Or lift off… Or whatever. What I am trying to say is that the Shotblasting has started and I am relieved and thrilled to say it is working a treat. There was always a niggling doubt that the two different bits of kit would come together and actually work but it seems to be happening.
The site is pretty waterlogged but the weather has cleared up enough to get a fair amount done.
It is hard work to control the nozzle shooting out the blast material, grubby and noisy. I say that like I have been doing the grafting. I haven’t, and tbh don’t think I could… Lack of upper body strength, clumsiness, and the high probability I would accidentally blast off a foot in the process. So big thanks to Led and Lee for their hard work so far (suns out, back to it chaps!!).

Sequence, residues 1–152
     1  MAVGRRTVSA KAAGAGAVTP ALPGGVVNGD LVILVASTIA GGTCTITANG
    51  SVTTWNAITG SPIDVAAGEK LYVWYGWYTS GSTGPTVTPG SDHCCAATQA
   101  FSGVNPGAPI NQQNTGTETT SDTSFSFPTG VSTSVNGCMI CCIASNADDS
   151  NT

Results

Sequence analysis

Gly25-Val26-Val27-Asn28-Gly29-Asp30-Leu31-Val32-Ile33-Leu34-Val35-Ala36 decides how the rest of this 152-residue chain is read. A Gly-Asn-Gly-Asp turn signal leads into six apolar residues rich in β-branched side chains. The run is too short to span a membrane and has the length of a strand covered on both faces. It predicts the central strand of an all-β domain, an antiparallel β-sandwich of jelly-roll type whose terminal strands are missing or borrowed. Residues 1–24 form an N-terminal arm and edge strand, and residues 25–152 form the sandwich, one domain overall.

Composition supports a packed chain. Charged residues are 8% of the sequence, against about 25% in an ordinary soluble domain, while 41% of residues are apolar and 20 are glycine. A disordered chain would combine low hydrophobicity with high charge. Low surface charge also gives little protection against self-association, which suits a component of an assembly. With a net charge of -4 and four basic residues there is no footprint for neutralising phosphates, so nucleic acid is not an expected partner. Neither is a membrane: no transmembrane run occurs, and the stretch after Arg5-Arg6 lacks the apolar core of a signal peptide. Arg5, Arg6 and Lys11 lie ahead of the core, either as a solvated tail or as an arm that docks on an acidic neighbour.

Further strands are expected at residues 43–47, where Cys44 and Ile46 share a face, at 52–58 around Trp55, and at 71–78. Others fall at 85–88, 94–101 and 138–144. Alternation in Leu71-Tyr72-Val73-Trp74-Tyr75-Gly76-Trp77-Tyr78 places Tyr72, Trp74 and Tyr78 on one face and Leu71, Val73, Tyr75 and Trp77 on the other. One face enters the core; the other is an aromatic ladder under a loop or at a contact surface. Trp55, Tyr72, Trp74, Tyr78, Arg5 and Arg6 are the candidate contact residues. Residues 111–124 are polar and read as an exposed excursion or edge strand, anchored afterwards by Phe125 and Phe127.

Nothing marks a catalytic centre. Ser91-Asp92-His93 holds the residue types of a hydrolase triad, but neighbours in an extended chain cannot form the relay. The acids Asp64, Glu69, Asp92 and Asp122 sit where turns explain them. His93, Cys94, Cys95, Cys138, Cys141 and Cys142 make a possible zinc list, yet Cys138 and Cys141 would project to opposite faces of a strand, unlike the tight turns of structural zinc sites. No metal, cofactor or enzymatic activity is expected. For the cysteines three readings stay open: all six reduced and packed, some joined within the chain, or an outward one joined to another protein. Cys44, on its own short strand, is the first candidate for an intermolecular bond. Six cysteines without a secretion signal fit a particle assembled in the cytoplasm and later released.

Apart from a 10 inch strip round the waterline and a few dinks here and there, the hull seems in pretty good shape for its age. While the blasting has smoothed off the surface beautifully, it hasn’t revealed many more holes or weak spots than the scabbling uncovered. The photo below shows the before and after and the difference between the rust and the freshly blasted and shop primed surface.
Below you can see the holes along the waterline that will need welding.
And the shot blasted rudder that was the test area for checking the pressure on the equipment.
Already starting to look smarter. The riveted sections above the waterline look really good and, apparently crucially, there are no missing heads on the rivets so in good shape. The steel that makes up the striker rails is stamped with “Port Talbot Steel” (photo next time).
She will look good but also quite strange when it is all done. From black, red and rust to a grey battleship…
Greetings from Skylark ix a Dunkirk small ship good luck with the refurb….its hard work as we are finding out